Two items I definitely want to work on aren’t particularly wargame related.  A couple years ago I bought the Perry “Death of Gordon” vignette from their Sudan range.  I love the movie Khartoum and admired the G.W. Joy painting the vignette is based on.  It is something a little bit different to work on, and I’m preparing it on my work table now.  The other item I really want to paint is a 54mm Imrie-Risley figure of Abraham Lincoln I’ve had for quite some time. I actually a lot of the “big boys” stowed away for quite some time, and some day I hope to paint them in my dotage.  I’m an admirer of Lincoln.  He is my favorite president, both for his principles and his ability to work within a greater understanding of what was needed to get things done.  Because Lincoln dressed very simply, usually in black, the challenge will be to bring life to the figure.

Something I didn’t do a great job of is managing my buying this year.  I was pretty good until August.  I earned some extra money for my work at J-Camp, and I promptly started spending like a drunken sailor.  Figures for the Louisiana project, the Perry Volunteers of Ireland, some War of 1812 Americans, command figures for the British for Bladensburg, and more I can’t even remember.  My goal is to at least break even with figure purchases-no more figures purchased than painted.  I don’t know if I did that this year.  I purchased some figures for Bladensburg, but many were for sheer spec, and I don’t like to do that.  My purchases should be for “just in time” production purposes and I feel like I failed.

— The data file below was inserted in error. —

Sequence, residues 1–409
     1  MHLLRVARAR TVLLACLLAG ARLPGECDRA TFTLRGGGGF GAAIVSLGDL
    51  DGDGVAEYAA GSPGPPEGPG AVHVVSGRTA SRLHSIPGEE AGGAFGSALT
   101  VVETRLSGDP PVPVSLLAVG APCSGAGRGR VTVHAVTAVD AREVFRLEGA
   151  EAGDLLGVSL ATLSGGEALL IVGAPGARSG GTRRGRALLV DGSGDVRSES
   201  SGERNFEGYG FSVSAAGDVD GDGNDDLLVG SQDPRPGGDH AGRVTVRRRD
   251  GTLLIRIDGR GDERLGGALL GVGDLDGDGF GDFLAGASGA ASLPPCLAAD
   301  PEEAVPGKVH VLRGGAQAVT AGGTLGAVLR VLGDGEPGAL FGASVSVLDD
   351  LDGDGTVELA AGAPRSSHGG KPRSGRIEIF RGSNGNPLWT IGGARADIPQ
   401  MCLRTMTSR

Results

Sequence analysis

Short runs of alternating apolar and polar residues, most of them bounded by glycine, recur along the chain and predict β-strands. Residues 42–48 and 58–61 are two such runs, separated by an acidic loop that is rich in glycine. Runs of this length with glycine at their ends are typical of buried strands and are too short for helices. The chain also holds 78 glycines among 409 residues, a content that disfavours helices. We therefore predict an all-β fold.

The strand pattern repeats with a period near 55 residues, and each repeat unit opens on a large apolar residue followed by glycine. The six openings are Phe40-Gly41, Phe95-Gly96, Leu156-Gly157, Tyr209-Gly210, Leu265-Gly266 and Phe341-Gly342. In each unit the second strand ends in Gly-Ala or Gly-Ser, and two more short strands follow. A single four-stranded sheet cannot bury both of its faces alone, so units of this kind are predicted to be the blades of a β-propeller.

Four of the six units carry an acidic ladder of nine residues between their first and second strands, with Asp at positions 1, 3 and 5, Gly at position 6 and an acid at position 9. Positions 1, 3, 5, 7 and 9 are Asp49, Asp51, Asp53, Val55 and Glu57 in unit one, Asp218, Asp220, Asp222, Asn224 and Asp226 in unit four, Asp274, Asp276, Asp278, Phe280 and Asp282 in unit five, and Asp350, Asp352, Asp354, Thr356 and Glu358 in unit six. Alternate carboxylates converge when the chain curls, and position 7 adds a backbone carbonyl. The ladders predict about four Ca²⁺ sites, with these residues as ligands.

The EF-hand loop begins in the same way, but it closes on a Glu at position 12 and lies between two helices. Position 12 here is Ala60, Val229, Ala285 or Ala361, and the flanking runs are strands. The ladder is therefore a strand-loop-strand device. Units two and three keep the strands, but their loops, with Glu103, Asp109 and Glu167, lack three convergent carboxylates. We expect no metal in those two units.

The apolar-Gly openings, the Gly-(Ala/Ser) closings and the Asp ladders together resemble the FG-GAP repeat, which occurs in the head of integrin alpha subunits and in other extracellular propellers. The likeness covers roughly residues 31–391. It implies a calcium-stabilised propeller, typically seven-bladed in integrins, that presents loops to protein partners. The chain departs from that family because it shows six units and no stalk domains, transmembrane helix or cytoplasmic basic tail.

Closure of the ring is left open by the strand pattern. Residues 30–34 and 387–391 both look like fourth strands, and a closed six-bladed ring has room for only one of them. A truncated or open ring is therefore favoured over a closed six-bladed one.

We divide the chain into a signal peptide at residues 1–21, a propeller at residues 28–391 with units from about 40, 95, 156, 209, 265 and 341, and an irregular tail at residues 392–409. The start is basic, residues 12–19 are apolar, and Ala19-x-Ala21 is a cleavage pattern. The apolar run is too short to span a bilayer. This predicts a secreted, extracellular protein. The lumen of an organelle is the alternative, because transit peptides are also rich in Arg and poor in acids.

These figures are armed with carbine or escopeta.  These figures are a bit crude, but highly paintable.  I really enjoyed working on them.

These figures are armed with carbine or escopeta. These figures are a bit crude, but highly paintable. I really enjoyed working on them.

I have a couple of New Years resolutions.  The first is to set some painting goals.  I would really like to finish all of my Louisiana figures.  There’s not really a deadline on this.  I’d like to run a game at Enfilade, but honestly I probably already have enough figures to do it now.  Realistically I’d like to have everything done by Drumbeat in September. I have nearly all the figures to do this.  I think I need a few more of the mounted Cuera militia, and a few more foot officers.   I think this also leaves me some time to pick away at some other painting along the way.  I have an AWI unit or two I’d like to paint.  Maybe some of my Irish Civil War figures.  Ships.  Planes.  My dance card is wide open.

My second resolution regards game play.  I don’t do nearly enough.  Mostly it’s my choice, so I am putting my choices out on right now. I want to play at the Game Matrix DBA nights twice per month.  My hope is I can morph that into a bit more than DBA, focusing on DBX gaming.  I’d love to, for example, play Sluys again.  In addition I’d like to commit to playing on the NHMGS game days the third Saturday of the month.  These are absolute musts for a couple of reasons.  First, I need to get off my damned hill and get with my gamer friends.  Don’t know why I’ve been so reclusive.  I also have way too much time and energy invested in my projects to not be playing with my figures.  I know I can do better.  It’s as though I’ve just become a bit of a hermit.

In any case, 2014 is shaping up to be a good year, and I’m looking forward to it.